Yesterday I picked up Bugaboo and the afternoon teacher informed me that he had given another child a black eye.  What?  My cute adorable little blonde haired angel?  She explained that another child left his spot on the carpet, came up and gave her a hug and then walked back to the carpet to take his spot next to Bugaboo. Bugaboo reached out and cold-cocked him.  She said that she spoke to Bugaboo about it and showed him the injury later – after it had turned pretty colors. Bugaboo shut down and refused to say anything, other than to make baby noises (which is what he does when he knows he has done something wrong).  The teacher said the other mother was pretty upset (obviously).

I left daycare feeling like Loser Mother of the Year, and quite tearful that my child had blackened another kid’s eye.  Bugaboo and I talked about it and I did manage to glean the name of the other child – not someone with whom there have been prior incidents.  I went to sleep with visions of my child being labelled a Bully.

This morning, Husband dropped off Bugaboo and talked to the Morning Teacher about our desire for there to be strong consequences for hitting – an immediate time out and removal from any fun situations/games for a time period.  She seemed confused.  She explained that what she saw was Bugaboo and the other kids dancing and Bugaboo elbowed the other kid – she wasn’t sure if it was accidental or a “you’re in my space” thing. She said she’s never seen Bugaboo be aggressive or act unprovoked.

All of a sudden my child looks more like a typical kid?  The afternoon teacher is new to the center and has an older child – not sure if it is a boy or girl.  The morning teacher has been in this center for years, taught my daughter, and has two boys about the same age as my kids. 

So is my kid an unprovoked Bully? Or just a rough-house typical Boy?

I’m fixin’ to find out. I set up a conference with the teachers for this afternoon. If it’s an altercation between kids I’m more in line with their policy of separating the kids and talking things out.  If it’s an unprovoked event, then Bugaboo is in for some firm consequences.  If the first situation, I’ll apologize profusely to the other mother.  If the latter, I might have to bake her cookies and sobbingly beg her forgiveness!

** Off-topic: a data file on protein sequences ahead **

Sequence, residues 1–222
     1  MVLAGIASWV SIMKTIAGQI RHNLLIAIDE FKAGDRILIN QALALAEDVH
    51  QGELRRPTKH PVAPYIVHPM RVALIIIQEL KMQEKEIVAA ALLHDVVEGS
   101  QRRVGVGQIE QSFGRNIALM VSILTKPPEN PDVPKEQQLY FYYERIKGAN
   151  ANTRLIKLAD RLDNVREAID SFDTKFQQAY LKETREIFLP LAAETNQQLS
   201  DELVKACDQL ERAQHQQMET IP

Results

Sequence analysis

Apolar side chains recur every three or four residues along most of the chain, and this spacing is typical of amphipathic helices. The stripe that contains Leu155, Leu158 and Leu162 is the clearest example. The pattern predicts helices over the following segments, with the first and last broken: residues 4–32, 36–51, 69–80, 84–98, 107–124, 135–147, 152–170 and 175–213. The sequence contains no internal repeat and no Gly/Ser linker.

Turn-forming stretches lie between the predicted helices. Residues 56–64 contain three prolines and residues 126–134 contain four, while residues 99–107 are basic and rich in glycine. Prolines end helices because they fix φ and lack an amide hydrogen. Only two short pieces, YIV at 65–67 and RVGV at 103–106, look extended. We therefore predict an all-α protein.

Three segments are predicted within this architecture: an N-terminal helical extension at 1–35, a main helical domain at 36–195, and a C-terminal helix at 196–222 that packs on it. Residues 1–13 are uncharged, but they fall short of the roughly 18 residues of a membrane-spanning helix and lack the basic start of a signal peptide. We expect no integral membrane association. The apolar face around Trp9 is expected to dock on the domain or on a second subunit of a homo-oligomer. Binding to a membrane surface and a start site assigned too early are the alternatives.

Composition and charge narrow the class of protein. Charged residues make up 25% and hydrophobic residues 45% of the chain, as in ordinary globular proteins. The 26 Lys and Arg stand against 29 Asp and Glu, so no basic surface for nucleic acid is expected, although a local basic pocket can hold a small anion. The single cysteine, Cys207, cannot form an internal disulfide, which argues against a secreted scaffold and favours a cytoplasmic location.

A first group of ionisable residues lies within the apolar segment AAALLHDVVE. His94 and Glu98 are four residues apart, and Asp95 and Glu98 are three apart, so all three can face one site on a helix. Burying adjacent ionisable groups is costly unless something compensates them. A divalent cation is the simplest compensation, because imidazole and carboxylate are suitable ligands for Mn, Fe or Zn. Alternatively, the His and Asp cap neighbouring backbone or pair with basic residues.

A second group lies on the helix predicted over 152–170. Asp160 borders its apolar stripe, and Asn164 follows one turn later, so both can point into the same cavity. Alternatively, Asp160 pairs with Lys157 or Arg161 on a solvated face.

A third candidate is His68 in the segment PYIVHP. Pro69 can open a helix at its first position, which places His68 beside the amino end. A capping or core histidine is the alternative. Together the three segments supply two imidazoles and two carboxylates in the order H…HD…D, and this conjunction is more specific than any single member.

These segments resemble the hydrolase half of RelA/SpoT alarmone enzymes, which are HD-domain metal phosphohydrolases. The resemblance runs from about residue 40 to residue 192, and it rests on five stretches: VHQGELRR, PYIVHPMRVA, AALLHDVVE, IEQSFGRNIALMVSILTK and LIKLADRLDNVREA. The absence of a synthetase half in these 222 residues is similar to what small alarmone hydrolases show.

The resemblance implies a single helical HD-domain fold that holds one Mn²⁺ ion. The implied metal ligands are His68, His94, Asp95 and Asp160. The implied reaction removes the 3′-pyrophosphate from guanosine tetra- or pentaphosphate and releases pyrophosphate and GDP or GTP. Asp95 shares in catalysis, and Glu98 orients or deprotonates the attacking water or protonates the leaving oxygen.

Stay tuned for more information!

What I Learned from Road Tripping with 2 Children

Last week I drove 532 miles twice (which according to my calculator = 1,064 miles).  That equated to two 8 1/2 – 9 hour trips, in a car, with two children.  This is what I learned.

  • Leaving at 5:30 am is great because the children will go back to sleep and not wake until 8 am, which is about 30 minutes past the point when your bladder wants to explode because you required a SUPER-SIZED mug of coffee to wake yourself up enough to drive.
  • If you drink enough caffeine throughout the day to stay awake, you will have to stop too often for restroom breaks.
  • Restroom breaks with two children, one of which is potty-training, can not be accomplished in less than 35 minutes.
  • McDonalds has 132 locations along our drive. I know this because my 3 year old shouted “french fries” every time he saw one. 
  • 8 year olds do not believe that Chik-fil-a is closed on Sundays. Even when you drive by the store that has no one in it. They will cry when you tell them you will not stop at every location just to see if one is open.
  • It is possible to drive while reaching your hand into the backseat to pick up a dropped item, smack your 8 year olds leg to get them to stop screaming, and adjust the DVD player.
  • It is not insane to consider stopping at Walmart to purchase a new DVD player if you are unable to fix the old one.
  • It is not insane to buy two of every toy you pack in order to avoid fights.
  • No matter how well you plan, you will likely hit road construction, pouring rain or some other disaster.
  • You can kill at least an hour discussing why Connecticut is not pronounced – Connect-I-cut and why Illinois has a silent “s.”    Let’s not even start on Arkansas. 
  • Dumdum lollipops are the best invention. They are cheap. Children find it difficult to whine when sucking on one. Because they are small, you can give out about 8 before a sugar high meltdown ensues.
  • It is possible to drown out a 3 year old temper tantrum by opening all 4 windows, playing your music at top volume and singing along while driving 90 mph.


On the Road Again – this time with kids

I received a call from my sister over the weekend. She was preparing to undergo emergency surgery to repair a twisted/blocked/knotted intestine.  Five and 1/2 hours later she emerged lighter by 2 1/2 feet of colon, 8 inches of intestine and an appendix! Yikes!  She is on major restrictions – and drugs – for the next several weeks.

When I last talked with her, she proceeded to tell me how the doctors inflated her with gas and were all waiting for her to fart before she could leave the hospital.  Hmmm. This is a situation ripe for jokes! 

Seriously, she is in much pain and prayers are appreciated.

The kiddos and I are headed to her house to help out. I debated flying but didn’t feel so good about the $1,500 price tag, and that was only if I lied about Bugaboo turning 3 this past weekend and claimed he was still 2. I wasn’t so keen on that (and he keeps proudly announcing to everyone “I tree now”).  So we’ll leave bright and early at the ass crack of dawn (5 am) on Wednesday.  I’ve driven the 563 miles before myself, but not with two kids.  I’ve taken care of many kids before, but not 5, related to me, kids at once. 

So I’ll be back in a week, sure to be filled with lots of funny tales about my sister’s drug induced state, my managing (or lack thereof) of 5 children and my BIL, and attempting to “homeschool” my child for 3 days.